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4. Extended Example: Common Provisioning Use Cases (and How They Handle Files)

Section 2, “An Introduction to Provisioning Content Bundles” describes the different elements in the bundles and provisioning system — but what is provisioning really for? There are a handful of common use cases that illustrate how provisioning works in a real environment.
  • Deploying a full application server
  • Deploying a web application to an application server
  • Deploying configuration files


One thing to remember for all of this is that bundles take content from point A (JBoss ON) and send it to point B (the destination). This is not a simple copy operation (Section 2.3, “File Handling During Provisioning”). The provisioning system, by default, makes the destination, point B, match exactly how the directory in the bundle is laid out. This means adding or editing files, creating or deleting subdirectories, and deleting any existing content from the destination.
That concept of managing the layout and content of the destination influences the ways and effects of deploying content.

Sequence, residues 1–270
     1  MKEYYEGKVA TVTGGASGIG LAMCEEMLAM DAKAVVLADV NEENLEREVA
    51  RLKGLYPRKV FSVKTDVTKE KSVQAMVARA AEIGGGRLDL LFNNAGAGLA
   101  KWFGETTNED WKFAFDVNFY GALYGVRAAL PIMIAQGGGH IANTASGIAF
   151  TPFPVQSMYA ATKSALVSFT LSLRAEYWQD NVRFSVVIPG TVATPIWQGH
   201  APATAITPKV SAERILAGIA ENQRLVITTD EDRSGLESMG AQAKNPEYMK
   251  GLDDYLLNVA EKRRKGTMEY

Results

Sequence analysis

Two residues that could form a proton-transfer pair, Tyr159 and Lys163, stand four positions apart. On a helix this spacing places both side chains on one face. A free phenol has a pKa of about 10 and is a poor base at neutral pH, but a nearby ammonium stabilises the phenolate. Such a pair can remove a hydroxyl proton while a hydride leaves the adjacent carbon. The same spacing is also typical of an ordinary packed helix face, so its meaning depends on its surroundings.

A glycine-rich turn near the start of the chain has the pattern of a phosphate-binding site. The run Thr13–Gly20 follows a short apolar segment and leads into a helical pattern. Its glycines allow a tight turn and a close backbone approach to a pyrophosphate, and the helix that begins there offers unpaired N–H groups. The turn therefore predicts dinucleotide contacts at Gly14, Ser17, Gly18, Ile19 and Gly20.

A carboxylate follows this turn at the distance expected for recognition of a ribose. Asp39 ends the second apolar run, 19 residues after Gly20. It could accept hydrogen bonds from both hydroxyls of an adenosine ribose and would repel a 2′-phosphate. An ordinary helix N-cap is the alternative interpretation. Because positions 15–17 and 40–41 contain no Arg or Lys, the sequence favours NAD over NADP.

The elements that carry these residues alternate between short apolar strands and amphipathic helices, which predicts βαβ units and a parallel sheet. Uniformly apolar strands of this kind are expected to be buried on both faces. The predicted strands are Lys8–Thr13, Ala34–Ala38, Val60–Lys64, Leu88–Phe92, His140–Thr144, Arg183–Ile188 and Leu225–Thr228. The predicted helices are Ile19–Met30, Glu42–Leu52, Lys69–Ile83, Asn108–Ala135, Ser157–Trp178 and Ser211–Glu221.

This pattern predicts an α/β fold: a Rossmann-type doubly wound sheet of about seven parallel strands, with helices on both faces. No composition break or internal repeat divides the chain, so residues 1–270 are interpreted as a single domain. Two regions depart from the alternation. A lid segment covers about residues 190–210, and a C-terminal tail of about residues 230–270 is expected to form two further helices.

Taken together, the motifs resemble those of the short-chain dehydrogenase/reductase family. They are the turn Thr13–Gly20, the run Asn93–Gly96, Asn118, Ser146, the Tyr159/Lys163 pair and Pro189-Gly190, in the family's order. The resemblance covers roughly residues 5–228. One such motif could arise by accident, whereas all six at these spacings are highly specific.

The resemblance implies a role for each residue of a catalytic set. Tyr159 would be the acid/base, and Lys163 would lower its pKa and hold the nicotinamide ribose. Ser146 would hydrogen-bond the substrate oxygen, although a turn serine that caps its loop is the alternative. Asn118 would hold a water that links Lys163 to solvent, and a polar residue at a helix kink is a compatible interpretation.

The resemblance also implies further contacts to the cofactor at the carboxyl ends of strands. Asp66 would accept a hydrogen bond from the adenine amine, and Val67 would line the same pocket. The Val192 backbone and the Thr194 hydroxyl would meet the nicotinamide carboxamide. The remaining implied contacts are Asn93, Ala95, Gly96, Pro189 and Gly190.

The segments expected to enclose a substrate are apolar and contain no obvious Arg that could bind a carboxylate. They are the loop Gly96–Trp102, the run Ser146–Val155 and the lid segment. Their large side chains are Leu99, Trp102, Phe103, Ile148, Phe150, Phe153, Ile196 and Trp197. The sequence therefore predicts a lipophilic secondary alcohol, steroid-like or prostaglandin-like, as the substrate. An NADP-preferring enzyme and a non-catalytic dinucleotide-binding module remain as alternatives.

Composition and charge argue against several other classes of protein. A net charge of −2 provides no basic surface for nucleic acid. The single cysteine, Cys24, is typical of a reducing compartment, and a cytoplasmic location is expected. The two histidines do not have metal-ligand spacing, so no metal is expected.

4.1. Deploying A Full Application Server

Bundle Details

This is the core use for the provisioning system, deploying an entire application server. This bundle contains the complete configuration stack for a server like JBoss EAP (or Tomcat or Apache). The bundle contains all of the files used by the application — the JAR and configuration files and scripts for the EAP server, and all EAR or WAR web applications that are to be deployed on that EPA instance. All of the application server and web app files and directories are zipped into an archive, with the deploy.xml which defines the Ant recipe.

File Handling Details

Because this is a complete application server, it will be deployed into its own, new (or empty) directory, such as /opt/my-application. That directory will be dedicated to the application server, so it will be entirely managed by the bundle.

There is an attribute in the recipe called manageRootDir which tells the bundle system how to deploy content. For deploying a full application server, the bundle system should have complete control over the directory, so manageRootDir is set to true. This means:
  • Only files and subdirectories in the bundle distribution file will be in the root directory.
  • Any existing files or subdirectories will be deleted.
  • If files or subdirectories are added to the root directory, then they will be deleted when the bundle is updated or redeployed, unless those files are explicitly ignored (a setting in the recipe).